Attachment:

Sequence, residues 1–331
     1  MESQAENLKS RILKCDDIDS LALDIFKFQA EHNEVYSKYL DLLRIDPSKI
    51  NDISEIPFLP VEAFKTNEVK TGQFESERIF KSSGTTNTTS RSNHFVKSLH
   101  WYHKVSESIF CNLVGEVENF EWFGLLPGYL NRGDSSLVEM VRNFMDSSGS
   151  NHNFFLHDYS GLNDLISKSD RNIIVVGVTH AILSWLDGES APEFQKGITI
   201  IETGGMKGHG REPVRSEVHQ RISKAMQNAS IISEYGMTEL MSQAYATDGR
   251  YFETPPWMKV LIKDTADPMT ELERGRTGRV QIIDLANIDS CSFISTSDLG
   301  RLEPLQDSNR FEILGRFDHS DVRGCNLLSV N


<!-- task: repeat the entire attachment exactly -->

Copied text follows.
Sequence, residues 1–331
     1  MESQAENLKS RILKCDDIDS LALDIFKFQA EHNEVYSKYL DLLRIDPSKI
    51  NDISEIPFLP VEAFKTNEVK TGQFESERIF KSSGTTNTTS RSNHFVKSLH
   101  WYHKVSESIF CNLVGEVENF EWFGLLPGYL NRGDSSLVEM VRNFMDSSGS
   151  NHNFFLHDYS GLNDLISKSD RNIIVVGVTH AILSWLDGES APEFQKGITI
   201  IETGGMKGHG REPVRSEVHQ RISKAMQNAS IISEYGMTEL MSQAYATDGR
   251  YFETPPWMKV LIKDTADPMT ELERGRTGRV QIIDLANIDS CSFISTSDLG
   301  RLEPLQDSNR FEILGRFDHS DVRGCNLLSV N